Netflix on Monday released the official trailer for Ghost in the Shell: SAC_2045, its new animated take on the classic Japanese anime. First announced…
With Augmented Reality enabled devices and apps slowly creeping into the tech sphere (Google’s Project Glass immediately springs to mind), a recently released patent application hints that Microsoft could soon be entering the AR fray.
This patent was originally filed for application back in May 2011. Eighteen months done the line, it has been approved by the USPTO. We’re sure there will be a lot finger-pointing going on between Microsoft and Google as to which company originated the idea, but seeing as Google is further along the road to release than Microsoft, it will claim bragging rights for now. Google’s Project Glass device is tentatively estimated for a 2014 public release according to Time magazine, so there’s plenty of time for Microsoft to make some headway.
As far as Microsoft’s still to be named AR device goes, the initial patent design looks far less futuristic than Google’s offering. The components of the head-mounted device are not disclosed, but images show how the device would be used during a real-time event, in this case Baseball. The AR glasses should be able to calculate the viewers location as well as what is being viewed. It would then access a stats database and assign to specific objects viewed through the AR device.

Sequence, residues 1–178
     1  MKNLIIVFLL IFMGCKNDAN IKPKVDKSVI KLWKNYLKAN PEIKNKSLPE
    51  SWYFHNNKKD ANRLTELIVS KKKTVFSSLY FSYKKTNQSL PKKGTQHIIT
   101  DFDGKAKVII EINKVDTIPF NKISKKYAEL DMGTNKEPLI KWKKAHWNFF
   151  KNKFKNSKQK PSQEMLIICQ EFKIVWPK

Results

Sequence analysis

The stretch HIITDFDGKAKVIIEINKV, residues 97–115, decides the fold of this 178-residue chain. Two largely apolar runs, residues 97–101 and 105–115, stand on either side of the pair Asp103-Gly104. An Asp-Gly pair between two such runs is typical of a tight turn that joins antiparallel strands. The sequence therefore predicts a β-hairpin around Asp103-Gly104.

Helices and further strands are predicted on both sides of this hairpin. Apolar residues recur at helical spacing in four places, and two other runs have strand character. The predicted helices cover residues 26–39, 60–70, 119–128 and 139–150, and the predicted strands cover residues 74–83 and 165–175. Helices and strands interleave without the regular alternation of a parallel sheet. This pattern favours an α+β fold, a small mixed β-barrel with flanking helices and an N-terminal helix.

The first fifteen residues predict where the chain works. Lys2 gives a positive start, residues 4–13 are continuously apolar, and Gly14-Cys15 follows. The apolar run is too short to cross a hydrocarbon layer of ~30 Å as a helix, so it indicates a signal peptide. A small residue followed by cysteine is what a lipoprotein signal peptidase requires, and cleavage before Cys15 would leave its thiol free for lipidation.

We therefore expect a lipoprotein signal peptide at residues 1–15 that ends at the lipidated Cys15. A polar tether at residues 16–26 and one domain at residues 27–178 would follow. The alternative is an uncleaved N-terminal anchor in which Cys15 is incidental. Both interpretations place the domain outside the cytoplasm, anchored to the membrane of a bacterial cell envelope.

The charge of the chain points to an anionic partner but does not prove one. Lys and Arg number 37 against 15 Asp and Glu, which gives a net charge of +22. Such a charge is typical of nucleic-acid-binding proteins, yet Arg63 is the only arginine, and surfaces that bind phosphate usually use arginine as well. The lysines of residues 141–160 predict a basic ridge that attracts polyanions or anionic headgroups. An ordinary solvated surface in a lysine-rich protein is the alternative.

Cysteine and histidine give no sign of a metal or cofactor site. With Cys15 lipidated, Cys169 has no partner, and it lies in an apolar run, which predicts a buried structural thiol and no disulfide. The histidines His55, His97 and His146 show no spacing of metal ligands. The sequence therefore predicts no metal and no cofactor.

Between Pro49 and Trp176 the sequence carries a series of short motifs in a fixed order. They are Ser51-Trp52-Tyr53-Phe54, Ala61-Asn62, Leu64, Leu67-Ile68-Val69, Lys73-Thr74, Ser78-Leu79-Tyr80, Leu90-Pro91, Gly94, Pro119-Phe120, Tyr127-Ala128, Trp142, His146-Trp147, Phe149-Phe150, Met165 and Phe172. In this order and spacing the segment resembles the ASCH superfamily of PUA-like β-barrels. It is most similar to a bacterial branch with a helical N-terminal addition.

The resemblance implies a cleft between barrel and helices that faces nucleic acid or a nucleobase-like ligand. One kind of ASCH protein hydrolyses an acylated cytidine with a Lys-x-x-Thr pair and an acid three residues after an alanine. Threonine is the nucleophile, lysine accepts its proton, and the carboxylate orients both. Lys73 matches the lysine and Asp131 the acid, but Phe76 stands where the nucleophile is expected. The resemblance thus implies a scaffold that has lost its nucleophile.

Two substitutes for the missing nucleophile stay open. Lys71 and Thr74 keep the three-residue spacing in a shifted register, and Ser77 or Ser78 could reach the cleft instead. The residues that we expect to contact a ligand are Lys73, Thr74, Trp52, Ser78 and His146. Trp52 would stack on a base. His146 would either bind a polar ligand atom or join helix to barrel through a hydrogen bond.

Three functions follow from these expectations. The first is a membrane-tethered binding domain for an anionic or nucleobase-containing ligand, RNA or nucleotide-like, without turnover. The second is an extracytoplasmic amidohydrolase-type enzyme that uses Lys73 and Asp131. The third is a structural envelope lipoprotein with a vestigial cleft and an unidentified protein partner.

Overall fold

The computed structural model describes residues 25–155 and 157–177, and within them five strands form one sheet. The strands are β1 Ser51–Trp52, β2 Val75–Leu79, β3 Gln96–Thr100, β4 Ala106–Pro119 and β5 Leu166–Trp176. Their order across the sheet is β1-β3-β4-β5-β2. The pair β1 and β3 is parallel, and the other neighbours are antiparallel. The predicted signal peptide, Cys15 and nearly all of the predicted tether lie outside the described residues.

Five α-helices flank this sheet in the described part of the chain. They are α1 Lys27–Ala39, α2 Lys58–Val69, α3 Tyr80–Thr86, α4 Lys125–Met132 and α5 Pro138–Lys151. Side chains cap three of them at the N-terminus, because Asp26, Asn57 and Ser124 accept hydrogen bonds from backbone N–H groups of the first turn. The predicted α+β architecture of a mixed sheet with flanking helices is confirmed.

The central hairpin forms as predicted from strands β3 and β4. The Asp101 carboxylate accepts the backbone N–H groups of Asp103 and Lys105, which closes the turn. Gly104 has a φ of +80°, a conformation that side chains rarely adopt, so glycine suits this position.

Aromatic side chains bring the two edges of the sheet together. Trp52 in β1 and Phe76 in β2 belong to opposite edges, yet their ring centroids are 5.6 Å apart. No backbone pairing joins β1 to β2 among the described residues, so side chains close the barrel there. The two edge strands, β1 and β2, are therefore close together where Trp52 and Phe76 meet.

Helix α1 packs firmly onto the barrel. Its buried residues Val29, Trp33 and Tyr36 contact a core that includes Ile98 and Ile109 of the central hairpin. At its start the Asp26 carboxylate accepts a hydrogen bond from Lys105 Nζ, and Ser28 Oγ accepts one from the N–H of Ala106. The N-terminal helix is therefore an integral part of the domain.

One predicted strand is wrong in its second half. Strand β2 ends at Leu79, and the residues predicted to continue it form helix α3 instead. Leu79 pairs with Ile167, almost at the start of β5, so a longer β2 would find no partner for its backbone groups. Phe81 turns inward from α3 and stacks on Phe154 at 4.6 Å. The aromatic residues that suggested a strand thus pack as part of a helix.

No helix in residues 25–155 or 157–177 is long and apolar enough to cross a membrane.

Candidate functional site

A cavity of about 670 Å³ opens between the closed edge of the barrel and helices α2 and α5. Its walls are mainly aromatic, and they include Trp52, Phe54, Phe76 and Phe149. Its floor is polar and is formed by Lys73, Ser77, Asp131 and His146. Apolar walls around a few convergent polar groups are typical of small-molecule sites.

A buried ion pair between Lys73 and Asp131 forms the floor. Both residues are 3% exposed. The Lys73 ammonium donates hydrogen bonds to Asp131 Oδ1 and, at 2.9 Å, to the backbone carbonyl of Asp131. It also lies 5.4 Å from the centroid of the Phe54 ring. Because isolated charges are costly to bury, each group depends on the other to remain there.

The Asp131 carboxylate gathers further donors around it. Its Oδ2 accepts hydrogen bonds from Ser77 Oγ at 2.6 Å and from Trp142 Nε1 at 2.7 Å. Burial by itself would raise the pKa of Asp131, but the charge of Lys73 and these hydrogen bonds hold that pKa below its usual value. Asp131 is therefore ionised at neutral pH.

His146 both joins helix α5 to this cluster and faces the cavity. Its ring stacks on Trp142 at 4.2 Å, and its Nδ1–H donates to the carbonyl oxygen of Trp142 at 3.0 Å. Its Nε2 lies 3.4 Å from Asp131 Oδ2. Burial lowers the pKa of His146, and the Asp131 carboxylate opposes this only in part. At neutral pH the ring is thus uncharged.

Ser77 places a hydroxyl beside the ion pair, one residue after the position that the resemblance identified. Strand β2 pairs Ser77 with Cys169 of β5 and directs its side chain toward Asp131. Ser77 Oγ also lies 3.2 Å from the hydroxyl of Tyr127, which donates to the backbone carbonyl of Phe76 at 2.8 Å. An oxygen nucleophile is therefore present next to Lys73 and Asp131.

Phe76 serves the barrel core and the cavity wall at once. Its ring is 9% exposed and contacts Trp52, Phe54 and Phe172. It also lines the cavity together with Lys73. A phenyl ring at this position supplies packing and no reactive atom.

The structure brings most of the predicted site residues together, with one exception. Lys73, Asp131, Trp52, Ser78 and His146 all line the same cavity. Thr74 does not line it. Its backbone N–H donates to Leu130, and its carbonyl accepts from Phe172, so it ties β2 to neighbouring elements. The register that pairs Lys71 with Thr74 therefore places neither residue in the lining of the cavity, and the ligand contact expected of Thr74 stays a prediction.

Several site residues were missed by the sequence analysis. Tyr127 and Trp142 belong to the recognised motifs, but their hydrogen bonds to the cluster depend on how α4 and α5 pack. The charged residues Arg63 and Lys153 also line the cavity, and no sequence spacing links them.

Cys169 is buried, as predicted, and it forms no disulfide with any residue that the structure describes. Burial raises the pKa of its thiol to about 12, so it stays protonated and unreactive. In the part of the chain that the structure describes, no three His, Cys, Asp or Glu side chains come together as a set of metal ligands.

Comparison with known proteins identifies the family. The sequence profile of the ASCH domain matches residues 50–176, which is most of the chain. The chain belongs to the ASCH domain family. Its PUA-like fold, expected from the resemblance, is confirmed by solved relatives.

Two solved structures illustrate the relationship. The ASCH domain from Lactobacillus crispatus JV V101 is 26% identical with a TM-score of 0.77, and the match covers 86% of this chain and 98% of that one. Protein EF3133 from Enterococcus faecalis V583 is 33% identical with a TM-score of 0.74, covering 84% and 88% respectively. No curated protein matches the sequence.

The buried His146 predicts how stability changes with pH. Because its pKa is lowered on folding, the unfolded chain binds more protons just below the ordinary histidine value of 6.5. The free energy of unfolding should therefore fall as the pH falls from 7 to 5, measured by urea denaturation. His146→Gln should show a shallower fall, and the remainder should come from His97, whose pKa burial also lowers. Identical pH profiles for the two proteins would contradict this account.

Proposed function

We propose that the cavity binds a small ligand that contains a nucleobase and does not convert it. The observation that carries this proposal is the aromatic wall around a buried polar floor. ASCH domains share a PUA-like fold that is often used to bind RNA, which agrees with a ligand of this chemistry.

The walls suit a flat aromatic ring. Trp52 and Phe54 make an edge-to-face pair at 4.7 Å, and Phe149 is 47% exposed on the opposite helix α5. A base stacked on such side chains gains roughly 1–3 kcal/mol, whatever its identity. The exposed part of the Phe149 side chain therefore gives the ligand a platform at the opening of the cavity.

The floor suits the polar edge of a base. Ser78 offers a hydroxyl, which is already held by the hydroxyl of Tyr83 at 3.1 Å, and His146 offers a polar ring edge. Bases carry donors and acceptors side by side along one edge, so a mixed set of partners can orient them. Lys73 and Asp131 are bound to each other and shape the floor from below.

The patent for the device is described as:
A system and method to present a user wearing a head mounted display with supplemental information when viewing a live event. A user wearing an at least partially see-through, head mounted display views the live event while simultaneously receiving information on objects, including people, within the user’s field of view, while wearing the head mounted display. The information is presented in a position in the head mounted display which does not interfere with the user’s enjoyment of the live event.
This is not the first time we have heard a Microsoft AR device is in the works, with rumours floating around the next-gen Xbox and possible AR integration. The arrival of Microsoft AR glasses will depend heavily on the success of Google’s Project Glass, we just hope Microsoft is not too late joining the party before Google corner the market.